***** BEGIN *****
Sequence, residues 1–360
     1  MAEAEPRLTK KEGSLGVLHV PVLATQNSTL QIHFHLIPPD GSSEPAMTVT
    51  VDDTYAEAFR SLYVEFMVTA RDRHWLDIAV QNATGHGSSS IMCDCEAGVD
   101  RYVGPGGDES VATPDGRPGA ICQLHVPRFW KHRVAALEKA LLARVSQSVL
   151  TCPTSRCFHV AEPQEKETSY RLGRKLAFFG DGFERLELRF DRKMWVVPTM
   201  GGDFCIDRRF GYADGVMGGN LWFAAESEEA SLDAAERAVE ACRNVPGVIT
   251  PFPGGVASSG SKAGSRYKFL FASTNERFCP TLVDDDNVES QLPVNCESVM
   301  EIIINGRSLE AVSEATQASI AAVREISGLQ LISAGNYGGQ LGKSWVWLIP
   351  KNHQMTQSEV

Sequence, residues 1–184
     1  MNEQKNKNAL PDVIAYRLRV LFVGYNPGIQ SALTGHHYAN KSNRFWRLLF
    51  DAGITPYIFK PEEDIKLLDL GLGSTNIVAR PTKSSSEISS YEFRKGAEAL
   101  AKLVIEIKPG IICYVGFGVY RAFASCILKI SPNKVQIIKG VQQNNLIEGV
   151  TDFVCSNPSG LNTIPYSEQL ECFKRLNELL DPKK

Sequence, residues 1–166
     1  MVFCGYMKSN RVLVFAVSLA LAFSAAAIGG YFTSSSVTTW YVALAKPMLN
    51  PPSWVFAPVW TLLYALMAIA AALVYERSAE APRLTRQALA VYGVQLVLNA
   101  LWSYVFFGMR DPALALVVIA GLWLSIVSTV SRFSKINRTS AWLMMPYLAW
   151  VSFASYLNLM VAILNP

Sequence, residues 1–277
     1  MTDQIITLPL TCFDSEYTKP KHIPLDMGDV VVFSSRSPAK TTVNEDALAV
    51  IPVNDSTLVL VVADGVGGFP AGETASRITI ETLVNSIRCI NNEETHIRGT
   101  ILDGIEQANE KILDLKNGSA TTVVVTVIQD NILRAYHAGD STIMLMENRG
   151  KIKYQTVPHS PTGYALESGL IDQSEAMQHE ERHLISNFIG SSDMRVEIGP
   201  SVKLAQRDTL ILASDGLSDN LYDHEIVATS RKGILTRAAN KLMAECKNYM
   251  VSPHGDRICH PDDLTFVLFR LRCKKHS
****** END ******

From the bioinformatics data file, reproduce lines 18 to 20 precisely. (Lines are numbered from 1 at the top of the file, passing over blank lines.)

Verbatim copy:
   101  LWSYVFFGMR DPALALVVIA GLWLSIVSTV SRFSKINRTS AWLMMPYLAW
   151  VSFASYLNLM VAILNP

Sequence, residues 1–277